A warm summer in Montreal. Two black men, Man and Bouba, share an apartment. Man is an ambitious author, writing on The Great Novel. Bouba is a lazy amateur philosopher who quotes the Koran...
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A warm summer in Montreal. Two black men, Man and Bouba, share an apartment. Man is an ambitious author, writing on The Great Novel. Bouba is a lazy amateur philosopher who quotes the Koran. Man's habit of picking up young white women makes many young white men jealous... Written by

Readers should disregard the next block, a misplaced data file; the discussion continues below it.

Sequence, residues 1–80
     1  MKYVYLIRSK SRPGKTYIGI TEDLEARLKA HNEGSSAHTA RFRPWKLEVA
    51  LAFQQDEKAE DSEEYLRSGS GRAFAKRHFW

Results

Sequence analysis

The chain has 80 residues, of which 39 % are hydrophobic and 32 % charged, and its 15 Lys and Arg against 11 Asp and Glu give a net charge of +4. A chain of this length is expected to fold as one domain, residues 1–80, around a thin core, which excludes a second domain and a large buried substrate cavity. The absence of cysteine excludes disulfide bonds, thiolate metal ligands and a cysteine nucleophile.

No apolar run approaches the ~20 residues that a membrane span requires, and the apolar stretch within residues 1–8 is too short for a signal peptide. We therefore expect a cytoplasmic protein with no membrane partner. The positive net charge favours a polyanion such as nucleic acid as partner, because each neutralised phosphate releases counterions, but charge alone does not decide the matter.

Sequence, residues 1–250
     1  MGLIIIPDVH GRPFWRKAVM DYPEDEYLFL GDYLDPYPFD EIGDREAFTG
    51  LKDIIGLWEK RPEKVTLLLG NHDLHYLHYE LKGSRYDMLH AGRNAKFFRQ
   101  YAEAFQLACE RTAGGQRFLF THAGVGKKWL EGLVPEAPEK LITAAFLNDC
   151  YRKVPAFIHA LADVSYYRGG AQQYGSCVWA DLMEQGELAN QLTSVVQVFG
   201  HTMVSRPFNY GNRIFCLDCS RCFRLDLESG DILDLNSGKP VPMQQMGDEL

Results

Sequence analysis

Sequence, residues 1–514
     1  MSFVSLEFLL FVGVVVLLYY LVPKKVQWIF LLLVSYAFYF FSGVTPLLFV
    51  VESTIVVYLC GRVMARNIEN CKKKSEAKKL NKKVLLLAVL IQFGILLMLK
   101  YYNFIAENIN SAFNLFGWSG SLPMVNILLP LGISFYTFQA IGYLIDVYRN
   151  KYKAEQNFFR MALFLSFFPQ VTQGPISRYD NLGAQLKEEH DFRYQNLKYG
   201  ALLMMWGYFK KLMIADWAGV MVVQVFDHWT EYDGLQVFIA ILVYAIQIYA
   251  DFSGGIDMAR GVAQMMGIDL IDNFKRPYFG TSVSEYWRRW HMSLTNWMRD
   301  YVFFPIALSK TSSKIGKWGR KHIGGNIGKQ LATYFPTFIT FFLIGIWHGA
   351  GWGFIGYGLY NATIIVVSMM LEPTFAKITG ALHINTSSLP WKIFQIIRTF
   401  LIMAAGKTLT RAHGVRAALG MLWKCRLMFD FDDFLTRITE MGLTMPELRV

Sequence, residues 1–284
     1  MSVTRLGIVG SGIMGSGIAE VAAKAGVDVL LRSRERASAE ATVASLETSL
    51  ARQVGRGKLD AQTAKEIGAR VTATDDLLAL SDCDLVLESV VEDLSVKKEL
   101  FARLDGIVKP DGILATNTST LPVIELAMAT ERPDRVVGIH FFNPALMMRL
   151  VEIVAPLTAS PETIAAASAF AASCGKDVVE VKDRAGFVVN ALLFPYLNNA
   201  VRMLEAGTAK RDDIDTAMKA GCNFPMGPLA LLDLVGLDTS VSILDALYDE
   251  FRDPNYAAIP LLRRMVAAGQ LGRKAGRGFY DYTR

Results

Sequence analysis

This easygoing interracial romantic comedy never goes into the details of its numbskull title, but it does explain such things as the perfect temperature for listening to the music of Charlie Parker: 98.6 degrees, naturally. The film is a glossy satire of sexual attitudes and racial stereotypes, with a sunny disposition reflected in its protagonist: a would-be writer transplanted to French Canada from somewhere in Africa (on Thursdays he's from Madagascar) who enjoys cruising gullible white women. The scenario, not unlike that of any optimistic TV ad (in which everyone is young, attractive and single, and the weather is always warm and cloudless), is totally unreal, but the film is so cheerful and sometimes so witty that it's easy to overlook the occasional sexism and lack of any real story. All the women are strictly Barbie Dolls, regarded by the otherwise unnamed 'Man' as little more than willing sex objects, and they in turn see him in much the same light which may be all part of the point, but it doesn't make the characters any less superficial.
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